Vice-Chief Heather Bear, centre. Photo courtesy FSIN

The FSIN says it welcomes the news of the national inquiry into missing and murdered Indigenous women, but it has reservations with the recently released terms of reference.

The federation says the inquiry commissioners must have the power to make direct and effective recommendations on the specific concerns of the families of missing and murdered Indigenous women and girls — including policing and justice policies and practices.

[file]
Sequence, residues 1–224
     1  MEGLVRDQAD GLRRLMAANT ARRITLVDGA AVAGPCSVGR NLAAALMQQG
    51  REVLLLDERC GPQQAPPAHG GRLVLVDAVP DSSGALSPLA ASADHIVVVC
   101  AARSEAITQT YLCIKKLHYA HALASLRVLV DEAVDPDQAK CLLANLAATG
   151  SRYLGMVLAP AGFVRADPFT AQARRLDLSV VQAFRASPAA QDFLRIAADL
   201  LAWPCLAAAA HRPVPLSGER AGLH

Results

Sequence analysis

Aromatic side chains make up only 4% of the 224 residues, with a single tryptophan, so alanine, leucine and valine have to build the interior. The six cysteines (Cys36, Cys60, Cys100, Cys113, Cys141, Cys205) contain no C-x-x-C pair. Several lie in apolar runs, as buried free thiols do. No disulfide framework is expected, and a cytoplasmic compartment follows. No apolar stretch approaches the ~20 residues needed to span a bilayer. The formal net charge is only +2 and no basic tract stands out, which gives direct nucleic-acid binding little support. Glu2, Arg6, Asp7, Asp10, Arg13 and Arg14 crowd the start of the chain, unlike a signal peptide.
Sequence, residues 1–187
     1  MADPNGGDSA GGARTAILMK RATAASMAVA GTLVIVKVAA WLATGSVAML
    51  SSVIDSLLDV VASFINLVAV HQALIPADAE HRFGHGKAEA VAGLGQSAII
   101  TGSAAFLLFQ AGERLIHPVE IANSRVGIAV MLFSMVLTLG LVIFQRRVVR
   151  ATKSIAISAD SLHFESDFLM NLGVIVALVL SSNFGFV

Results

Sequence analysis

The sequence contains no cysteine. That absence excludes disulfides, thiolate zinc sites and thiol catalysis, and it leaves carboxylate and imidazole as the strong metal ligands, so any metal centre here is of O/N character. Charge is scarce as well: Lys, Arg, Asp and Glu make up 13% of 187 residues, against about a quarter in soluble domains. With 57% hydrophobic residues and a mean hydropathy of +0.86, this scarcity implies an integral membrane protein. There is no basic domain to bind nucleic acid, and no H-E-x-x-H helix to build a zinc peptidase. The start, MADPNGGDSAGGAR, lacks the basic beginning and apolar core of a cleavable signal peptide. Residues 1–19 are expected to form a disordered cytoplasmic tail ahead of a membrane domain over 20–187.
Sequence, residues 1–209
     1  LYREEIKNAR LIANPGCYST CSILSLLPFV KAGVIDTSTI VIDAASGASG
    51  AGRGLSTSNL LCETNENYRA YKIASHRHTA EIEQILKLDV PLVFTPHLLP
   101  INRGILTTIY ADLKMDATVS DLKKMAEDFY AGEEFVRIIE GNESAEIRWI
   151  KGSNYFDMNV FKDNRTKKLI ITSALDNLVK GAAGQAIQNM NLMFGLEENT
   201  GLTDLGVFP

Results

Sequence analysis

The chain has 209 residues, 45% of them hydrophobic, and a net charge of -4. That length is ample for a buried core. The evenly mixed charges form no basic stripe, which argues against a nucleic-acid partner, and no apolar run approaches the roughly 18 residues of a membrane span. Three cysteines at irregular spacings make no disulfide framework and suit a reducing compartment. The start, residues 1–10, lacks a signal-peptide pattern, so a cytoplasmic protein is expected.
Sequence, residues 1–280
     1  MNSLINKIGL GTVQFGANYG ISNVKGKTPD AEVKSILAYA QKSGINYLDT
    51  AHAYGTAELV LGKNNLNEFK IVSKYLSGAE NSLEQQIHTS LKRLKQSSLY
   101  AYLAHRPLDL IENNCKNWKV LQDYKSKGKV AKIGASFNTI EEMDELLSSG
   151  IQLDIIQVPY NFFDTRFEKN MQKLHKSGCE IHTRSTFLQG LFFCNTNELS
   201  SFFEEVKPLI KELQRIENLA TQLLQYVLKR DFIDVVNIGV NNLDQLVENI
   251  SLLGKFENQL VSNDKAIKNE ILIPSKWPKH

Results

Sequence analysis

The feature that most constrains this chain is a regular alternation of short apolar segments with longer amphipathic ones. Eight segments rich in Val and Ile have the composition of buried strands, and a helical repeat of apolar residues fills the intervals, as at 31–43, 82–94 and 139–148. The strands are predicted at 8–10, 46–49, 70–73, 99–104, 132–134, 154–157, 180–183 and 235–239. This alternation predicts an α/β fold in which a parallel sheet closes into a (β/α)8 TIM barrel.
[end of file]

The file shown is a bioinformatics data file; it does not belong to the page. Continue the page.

FSIN Vice-Chief Heather Bear says she still has a lot of questions about how the inquiry will unfold.

“I’m still a little apprehensive in terms of where they are going to begin their inquiry,” she says.  “When are they coming to Saskatchewan?  How are we going to have our families prepared?  Who is going to be selected?”

The FSIN also says the inquiry must examine the full range of systemic issues that perpetuate violence against Indigenous women within all areas of provincial jurisdiction.